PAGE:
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National Guard deployed to fight Kansas wildfire

The prairie fires are the largest in Kansas history and are also burning in neighboring Oklahoma.

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    The Anderson Creek Fire in Southern Kansas, seen Friday.
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Firefighters trying to snuff out the biggest wildfire in Kansas history are getting help from military helicopters — and a potential assist from looming rain or snow.

Four UH-60 Black Hawk helicopters from the Kansas National Guard were deployed Saturday in the effort to contain the persistent prairie blazes that since Tuesday have charred at least 620 square miles in Oklahoma and southern Kansas.

Six homes have been destroyed and some livestock has been lost, the office of the Adjutant General said. Three bridges and one railroad trestle have also been damaged or destroyed. No serious human injuries have been reported.

At least two of the helicopters have 660-gallon buckets that can dump water from local sources onto the flames, said Ben Bauman, a spokesman for the office of the Adjutant General in Kansas. The National Guard also was contributing a fuel tanker truck and another ground support vehicle.

Firefighters focused again Saturday southwest of Wichita in Butler County, where only 15 percent of the blaze that has scorched 427 square miles of the county was contained, said Darcy Golliher, a spokeswoman for the Kansas Incident Management Team.

The National Weather Service said the area where the fire has raged, which borders Oklahoma, may get one-tenth to a quarter inch of rain or snow Saturday night or Sunday morning.

"There's still a bit of uncertainty about how much they could get," said Andy Kleinsasser, a meteorologist with the weather service's Wichita office. "Hopefully they can get a decent dousing. Anything is better than nothing."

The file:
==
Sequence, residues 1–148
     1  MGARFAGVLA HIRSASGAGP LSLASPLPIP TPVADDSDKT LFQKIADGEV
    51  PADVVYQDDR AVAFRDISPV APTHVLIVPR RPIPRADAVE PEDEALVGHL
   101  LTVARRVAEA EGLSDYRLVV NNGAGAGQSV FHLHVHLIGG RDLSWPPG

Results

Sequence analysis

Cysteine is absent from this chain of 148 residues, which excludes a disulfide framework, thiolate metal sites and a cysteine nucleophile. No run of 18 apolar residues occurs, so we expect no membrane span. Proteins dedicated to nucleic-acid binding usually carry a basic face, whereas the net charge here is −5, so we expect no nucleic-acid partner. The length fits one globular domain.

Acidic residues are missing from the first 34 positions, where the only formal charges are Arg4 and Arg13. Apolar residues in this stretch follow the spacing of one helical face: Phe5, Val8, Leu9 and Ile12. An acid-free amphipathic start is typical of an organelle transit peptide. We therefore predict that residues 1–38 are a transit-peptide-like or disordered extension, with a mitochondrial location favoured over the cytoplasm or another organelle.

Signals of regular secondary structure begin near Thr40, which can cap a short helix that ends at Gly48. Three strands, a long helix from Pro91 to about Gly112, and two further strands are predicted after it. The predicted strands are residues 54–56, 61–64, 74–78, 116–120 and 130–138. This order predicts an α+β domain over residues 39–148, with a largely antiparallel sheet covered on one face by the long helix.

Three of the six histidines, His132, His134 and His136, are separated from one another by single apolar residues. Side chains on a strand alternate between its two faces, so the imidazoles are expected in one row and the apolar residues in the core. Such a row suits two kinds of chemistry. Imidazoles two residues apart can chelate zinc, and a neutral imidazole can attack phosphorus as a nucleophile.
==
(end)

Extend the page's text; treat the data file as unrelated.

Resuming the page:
Shawna Hartman, a Kansas Forest Service spokeswoman, said slightly windier conditions prevailed Saturday compared with the previous day. And while she expects the forecast precipitation to add welcome moisture, "it really won't do anything to the fire that's actively burning."

Still, she said, "we don't anticipate the perimeter (of the fire) increasing at all."

The prospect of relief from rain may offer little solace to 87-year-old Don Gerstner, a Korean War veteran who along with his wife, Carol, lost their 19th-century home near Medicine Lodge to the fire after the two narrowly escaped it.

Gerstner said he looked out his kitchen window Wednesday and saw what he described as fast-approaching "wall of fire." He yelled for his wife to get her pocketbook, and the couple fled with their dogs, at times driving through flames to make their getaway.

The couple watched from afar as the fire consumed their home of 54 years, much of the structure built with bricks from the county's old courthouse.

Now facing the task of starting over, Carol Gerstner lamented: "At our age, it's just hard to get used to something different."

But her husband said he's seen worse. "It's not as bad as Korea," he laughed.

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